Leading Prominent Property Division Attorneys in Charlotte, North Carolina
At the David W. Martin Law Group, our Charlotte family law attorneys know that one of the leading points of contention during a divorce is how the marital property will be divided between the two spouses.
While married couples may never consider what is mine and what is yours while they are happily living their lives together, the process of sorting through the shared property can suddenly seem frustrating and even overwhelming.
Our Mecklenburg County property division lawyers will explain each of the legal principles North Carolina courts use to divide marital property during a divorce, so there is no confusion about what to expect when outlining the details of the dissolution.
Is North Carolina a Community Property State?
North Carolina is not a community property state, but instead follows a separate set of rules for property division called equitable distribution — or the process of attempting to divide the couple’s assets fairly.
That means the North Carolina family courts have the leeway to change how assets get split during a divorce if either spouse can make the case that it is fair to do so.
Having a knowledgeable Charlotte divorce attorney by your side may change the outcome of your property division case, so it is especially important to work with an experienced family lawyer to ensure your rights are protected from the start.
Our Experienced Family Law Attorneys in Charlotte, NC Represent Clients in the Following Legal Matters:
- Alienation of Affection
- Child Custody and Visitation
- Child Support
- Domestic Violence Orders of Protection
- Prenuptial Postnuptial Agreement
- Separation Agreements
How Does North Carolina Classify Property During a Divorce?
During a divorce, the North Carolina family courts will classify the couple’s property into one of the three categories: Marital property, separate property, and divisible property.
- Marital property includes all property the couple acquired during the marriage.
- Separate property is any property owned by either spouse before the marriage or by that was acquired as a gift or inheritance from a third party during the marriage.
- Divisible property is any property that changes positively or negatively in value, including the marital assets or debts after the date of separation, and any income from marital property that either spouse received after their separation.
The property division process will move forward once all property is identified and separated into one of the three categories.
The North Carolina divorce court will begin the process with the presumption that an equal split between the parties is fair and then allows either party to submit evidence to rebut that assertion.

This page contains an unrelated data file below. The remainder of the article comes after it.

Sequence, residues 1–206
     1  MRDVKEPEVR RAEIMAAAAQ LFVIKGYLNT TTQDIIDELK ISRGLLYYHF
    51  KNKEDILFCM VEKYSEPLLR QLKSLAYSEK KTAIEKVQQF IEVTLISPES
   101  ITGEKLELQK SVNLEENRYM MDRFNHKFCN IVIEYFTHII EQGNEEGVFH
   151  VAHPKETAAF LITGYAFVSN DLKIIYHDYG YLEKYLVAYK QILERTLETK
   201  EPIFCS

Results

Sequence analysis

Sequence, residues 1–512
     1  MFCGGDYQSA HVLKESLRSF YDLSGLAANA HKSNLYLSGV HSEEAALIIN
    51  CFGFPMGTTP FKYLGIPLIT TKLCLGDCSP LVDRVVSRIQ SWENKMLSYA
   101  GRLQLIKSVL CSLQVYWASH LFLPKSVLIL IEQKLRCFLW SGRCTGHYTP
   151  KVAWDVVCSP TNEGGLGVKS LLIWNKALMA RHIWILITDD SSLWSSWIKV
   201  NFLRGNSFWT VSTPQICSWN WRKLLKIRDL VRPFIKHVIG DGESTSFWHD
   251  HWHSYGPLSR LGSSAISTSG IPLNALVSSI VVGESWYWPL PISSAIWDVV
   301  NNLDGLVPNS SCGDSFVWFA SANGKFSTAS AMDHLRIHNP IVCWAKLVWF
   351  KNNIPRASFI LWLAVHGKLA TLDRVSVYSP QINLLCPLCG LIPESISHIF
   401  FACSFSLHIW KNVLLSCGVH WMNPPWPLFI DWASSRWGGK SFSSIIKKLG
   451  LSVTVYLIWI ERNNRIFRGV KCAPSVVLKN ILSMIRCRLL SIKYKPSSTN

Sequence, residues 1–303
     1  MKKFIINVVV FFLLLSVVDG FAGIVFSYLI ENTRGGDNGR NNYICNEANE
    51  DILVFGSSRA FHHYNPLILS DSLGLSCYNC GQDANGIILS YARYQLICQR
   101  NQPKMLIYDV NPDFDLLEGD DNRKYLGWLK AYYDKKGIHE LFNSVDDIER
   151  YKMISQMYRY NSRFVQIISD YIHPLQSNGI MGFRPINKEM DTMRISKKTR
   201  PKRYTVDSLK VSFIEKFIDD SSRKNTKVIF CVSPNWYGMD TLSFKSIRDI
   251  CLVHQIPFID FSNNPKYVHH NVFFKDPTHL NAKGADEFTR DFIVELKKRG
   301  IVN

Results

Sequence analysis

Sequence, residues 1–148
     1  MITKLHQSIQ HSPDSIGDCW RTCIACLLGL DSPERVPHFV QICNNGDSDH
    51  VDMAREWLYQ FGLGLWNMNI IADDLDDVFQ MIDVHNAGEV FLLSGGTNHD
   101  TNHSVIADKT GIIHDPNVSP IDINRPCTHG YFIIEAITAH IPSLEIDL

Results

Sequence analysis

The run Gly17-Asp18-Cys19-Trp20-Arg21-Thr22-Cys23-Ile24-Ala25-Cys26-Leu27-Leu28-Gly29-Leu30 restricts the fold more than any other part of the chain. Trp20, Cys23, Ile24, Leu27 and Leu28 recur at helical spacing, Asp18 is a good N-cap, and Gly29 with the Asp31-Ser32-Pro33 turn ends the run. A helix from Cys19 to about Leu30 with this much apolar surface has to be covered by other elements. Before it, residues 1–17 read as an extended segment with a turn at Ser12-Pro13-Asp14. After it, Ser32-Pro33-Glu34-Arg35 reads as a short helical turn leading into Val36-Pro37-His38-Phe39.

To alter the standard 50/50 split during the property division process, the courts may consider:
- The length of the marriage
- The age and health of each party
- The income, property, and debts of each party
- The efforts that each spouse contributed to acquiring marital property
- Contributions that one spouse made to the other’s education or career development
- Contributions that increased the value of any separate property
- Actions by either party that either preserved and increased or wasted and devalued assets
- Use of the marital home for the custodial parent
- The expectation of pension and retirement benefits that are separate property
- The difficulty of evaluating any interest in a business or any assets the business owns
- Whether marital and divisible properties are liquid or non-liquid
- The tax consequences to each party
- Support obligations from past marriages
The North Carolina divorce courts have the latitude to consider any other factor than those listed above it deems just or proper to make property division decisions.
At the David W. Martin Law Group, our skilled property division lawyers in Charlotte represent clients throughout North Carolina by thoughtfully and objectively assessing their cases to carefully plan and execute a legal strategy that is designed to reach their personal objectives.
We dedicate our legal skills and resources to ensure your property division objectives are aggressively pursued and your rights protected from the start.
Whether we are negotiating your family law needs outside the courtroom, or aggressively advocating on your behalf inside the courtroom, our highly trained Charlotte family lawyers offer personalized attention that ensures open and honest communication at every stage of your case.
Contact Our Skilled Property Division Attorneys in Charlotte, North Carolina Today
At the David W. Martin Law Group, our Charlotte property division attorneys are here to listen to your legal challenges, so we can outline all potential strategies that will allow you to pursue the best outcome for your case.
Call us at 980-265-9724 today to discuss your case and get the help you need.
Our family law attorneys represent clients throughout North and South Carolina and have convenient offices on both sides of the border to help provide the legal guidance and strategies our clients need to move forward with their new lives with confidence.